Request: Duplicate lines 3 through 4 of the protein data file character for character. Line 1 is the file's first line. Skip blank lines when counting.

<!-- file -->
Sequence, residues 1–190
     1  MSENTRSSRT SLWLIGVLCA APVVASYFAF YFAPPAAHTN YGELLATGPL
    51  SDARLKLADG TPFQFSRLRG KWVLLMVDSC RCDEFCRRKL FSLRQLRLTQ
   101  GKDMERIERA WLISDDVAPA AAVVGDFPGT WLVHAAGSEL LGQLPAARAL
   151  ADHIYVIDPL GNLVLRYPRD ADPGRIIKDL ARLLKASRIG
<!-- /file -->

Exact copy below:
    51  SDARLKLADG TPFQFSRLRG KWVLLMVDSC RCDEFCRRKL FSLRQLRLTQ
   101  GKDMERIERA WLISDDVAPA AAVVGDFPGT WLVHAAGSEL LGQLPAARAL